News from the Field: First update from the team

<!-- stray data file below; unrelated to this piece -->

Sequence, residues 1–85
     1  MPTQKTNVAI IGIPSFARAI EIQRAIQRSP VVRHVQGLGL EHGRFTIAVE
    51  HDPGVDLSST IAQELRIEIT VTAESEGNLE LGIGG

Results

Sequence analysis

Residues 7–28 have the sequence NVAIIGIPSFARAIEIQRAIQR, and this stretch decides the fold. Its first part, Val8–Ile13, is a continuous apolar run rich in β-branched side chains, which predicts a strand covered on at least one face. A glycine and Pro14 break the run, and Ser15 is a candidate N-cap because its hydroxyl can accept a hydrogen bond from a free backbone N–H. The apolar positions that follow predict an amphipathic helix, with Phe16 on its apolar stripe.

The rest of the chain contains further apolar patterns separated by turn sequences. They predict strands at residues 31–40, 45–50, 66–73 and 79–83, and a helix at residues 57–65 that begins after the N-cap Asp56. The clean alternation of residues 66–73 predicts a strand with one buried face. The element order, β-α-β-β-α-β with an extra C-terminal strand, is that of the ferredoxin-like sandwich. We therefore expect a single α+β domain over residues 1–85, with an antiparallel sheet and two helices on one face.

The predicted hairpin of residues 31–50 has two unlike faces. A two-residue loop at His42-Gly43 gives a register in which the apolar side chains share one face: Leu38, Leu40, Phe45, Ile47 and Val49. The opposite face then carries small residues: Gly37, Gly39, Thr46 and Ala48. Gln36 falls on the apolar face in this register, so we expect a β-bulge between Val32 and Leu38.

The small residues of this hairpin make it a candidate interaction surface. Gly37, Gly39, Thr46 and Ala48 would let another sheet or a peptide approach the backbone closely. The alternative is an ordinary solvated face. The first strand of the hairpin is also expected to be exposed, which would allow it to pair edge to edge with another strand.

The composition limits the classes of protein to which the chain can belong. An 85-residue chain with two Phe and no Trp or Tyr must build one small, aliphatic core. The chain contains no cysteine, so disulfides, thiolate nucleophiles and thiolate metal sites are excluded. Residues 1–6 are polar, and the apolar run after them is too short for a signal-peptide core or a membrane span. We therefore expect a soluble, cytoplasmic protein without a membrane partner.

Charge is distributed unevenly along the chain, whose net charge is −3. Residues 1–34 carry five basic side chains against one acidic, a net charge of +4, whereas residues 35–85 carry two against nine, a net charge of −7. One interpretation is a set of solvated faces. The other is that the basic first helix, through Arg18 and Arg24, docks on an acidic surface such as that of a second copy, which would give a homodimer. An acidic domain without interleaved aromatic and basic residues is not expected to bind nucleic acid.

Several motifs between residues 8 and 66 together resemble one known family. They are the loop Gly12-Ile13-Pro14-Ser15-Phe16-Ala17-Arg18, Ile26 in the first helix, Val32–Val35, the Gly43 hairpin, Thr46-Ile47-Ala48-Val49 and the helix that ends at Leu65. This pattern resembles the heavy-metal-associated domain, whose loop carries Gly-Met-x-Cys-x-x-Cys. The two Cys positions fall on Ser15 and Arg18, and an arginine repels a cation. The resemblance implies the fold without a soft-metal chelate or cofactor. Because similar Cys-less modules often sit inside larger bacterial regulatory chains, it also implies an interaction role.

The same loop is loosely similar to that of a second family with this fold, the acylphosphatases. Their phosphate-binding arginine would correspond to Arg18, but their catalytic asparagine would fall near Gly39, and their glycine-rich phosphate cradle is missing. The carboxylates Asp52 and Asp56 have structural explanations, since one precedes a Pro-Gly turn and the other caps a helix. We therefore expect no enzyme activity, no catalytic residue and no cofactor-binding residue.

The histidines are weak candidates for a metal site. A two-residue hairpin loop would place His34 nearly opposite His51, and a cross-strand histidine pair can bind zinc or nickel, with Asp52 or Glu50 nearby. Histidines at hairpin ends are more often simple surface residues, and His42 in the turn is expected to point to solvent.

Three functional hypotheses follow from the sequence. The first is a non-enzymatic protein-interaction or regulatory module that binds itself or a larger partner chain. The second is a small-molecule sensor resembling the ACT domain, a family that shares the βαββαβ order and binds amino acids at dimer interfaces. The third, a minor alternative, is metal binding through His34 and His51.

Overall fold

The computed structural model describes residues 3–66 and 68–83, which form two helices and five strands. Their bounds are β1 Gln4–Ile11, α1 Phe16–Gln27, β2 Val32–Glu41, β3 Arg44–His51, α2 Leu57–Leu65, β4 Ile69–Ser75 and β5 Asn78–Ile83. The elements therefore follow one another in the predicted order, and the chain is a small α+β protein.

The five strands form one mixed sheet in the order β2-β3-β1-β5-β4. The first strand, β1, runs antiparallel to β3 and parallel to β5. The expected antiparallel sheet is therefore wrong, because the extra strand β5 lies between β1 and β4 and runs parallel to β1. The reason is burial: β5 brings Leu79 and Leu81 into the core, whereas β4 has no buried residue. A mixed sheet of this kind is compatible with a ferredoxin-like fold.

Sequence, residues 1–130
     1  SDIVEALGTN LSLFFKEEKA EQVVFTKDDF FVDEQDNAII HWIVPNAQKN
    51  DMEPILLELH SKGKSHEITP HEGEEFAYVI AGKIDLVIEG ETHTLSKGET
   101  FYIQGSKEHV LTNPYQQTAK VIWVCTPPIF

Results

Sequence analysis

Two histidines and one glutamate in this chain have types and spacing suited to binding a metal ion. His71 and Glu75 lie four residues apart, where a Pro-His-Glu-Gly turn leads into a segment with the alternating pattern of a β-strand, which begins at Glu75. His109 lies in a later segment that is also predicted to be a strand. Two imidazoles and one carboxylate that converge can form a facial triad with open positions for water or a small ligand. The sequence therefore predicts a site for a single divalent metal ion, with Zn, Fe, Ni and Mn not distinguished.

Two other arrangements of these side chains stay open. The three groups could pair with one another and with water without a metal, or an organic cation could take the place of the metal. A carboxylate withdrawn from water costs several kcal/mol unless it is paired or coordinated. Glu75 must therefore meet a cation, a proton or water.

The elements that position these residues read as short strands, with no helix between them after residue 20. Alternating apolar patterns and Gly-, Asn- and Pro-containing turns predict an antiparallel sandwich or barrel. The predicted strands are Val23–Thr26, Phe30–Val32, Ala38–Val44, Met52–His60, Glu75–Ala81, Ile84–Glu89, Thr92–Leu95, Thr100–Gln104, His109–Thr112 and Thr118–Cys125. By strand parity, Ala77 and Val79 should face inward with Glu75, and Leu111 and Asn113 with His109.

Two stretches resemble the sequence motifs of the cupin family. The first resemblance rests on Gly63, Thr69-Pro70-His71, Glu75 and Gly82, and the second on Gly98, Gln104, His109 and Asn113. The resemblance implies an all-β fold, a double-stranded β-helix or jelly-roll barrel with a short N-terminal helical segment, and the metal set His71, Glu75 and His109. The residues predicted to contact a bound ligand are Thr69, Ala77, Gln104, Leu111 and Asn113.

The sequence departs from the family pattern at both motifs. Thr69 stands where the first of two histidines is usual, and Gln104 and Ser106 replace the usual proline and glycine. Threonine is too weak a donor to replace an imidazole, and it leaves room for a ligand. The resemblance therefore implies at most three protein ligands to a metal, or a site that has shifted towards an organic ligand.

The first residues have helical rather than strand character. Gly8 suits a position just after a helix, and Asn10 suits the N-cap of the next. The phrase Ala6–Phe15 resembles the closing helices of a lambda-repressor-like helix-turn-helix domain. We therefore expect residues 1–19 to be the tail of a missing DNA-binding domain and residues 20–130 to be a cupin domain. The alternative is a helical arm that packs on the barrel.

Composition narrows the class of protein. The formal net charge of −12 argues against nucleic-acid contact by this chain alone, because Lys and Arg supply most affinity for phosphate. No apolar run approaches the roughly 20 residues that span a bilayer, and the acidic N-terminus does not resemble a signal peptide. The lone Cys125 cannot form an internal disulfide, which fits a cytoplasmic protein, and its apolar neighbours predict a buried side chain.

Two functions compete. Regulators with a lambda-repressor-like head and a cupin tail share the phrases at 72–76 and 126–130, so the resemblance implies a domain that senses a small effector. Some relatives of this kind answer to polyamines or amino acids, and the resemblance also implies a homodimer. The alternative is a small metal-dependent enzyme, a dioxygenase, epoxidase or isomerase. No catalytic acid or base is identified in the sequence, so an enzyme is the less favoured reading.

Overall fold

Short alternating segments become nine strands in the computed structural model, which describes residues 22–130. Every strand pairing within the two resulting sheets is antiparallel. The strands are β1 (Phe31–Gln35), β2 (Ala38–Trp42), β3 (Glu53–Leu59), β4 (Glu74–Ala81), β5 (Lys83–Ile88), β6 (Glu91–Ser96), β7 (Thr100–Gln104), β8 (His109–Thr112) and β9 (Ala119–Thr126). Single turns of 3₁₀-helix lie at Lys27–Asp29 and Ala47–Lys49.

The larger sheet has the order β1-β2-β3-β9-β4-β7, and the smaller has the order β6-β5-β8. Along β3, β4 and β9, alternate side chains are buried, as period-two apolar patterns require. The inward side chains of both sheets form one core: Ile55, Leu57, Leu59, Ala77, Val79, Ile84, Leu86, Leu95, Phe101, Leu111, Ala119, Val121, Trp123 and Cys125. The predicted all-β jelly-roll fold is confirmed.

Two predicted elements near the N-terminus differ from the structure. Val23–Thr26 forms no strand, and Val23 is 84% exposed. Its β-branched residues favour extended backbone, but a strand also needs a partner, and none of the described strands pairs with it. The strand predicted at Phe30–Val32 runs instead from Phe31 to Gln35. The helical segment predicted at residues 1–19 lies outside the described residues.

We’re very pleased to be able to share the first news from the field with you. Roland and the BirdsRussia team have been at the breeding grounds for almost a month now but have had a more limited internet connection than usual. Below is the first update we received and we’ll post another shortly (with some egg-citing news). Hopefully there’ll be many more over the next few weeks! From Roland Digby We arrived in Meinypil’gyno on the 19th May even though we didn’t expect to fly that day – the conditions weren’t good with low cloud and initially some fog. Something in our favour, however, and a real rarity was no wind, so fortunately we weren’t delayed. Unlike the previous year, there was a lot of snow and ice everywhere and the river mouth had been closed by winter storms. It’s also been much colder and we’ve had a few snowy days in May, particularly the week after we arrived so we were very fortunate to have left Anadyr when we did or it would have been a long wait at Yaranga hotel. Although in general this year has been much colder with very little ice melting on larger water bodies, most of the snow has melted in open areas and the weather for the last couple of days has been fairly warm, with lots of invertebrate activity which will be good for returning spoonies. Although a lot of snow and ice and a blocked river mouth, thus far the flooding isn’t as extensive as in 2015 or 2011. As always we’ve seen some interesting birds on migration, most notably this year large numbers of red and great knot passing through. Pavel and Egor saw the first spoony on 1st June and although it had just arrived and was too nervous to approach, they could see it had a Light green flag on the left tibia. Yurri and I returned to the area the following evening (2nd June) and saw Light green 21 and Light green 07, both birds local to the area. In 2014 and 2015, Light green 21 was paired with Light green 8 (2012 headstarted bird, the first headstarted bird to return). At least three other unmarked birds were also observed that day by Pavel, Egor and Nikolai. Yesterday (3rd June), Nikolai led a small team to the Western oil drills to survey and although many of the former territories are under water and ice this year compared to last year they still found four pairs, including Light green A1, a wild-reared chick from 2014. Pavel and Egor observed a female spoony close to the mountains. Whilst Yurri, Tong and I surveyed the area known as the Cross, where we observed the pair Light green 32 and Light green 09, who bred in the area the previous year. We’re currently dealing with some problems with our main incubator and may need to change the micro-processor and the heat sensor. Hopefully this incubator will be up and running soon and there’ll be many more sightings to report.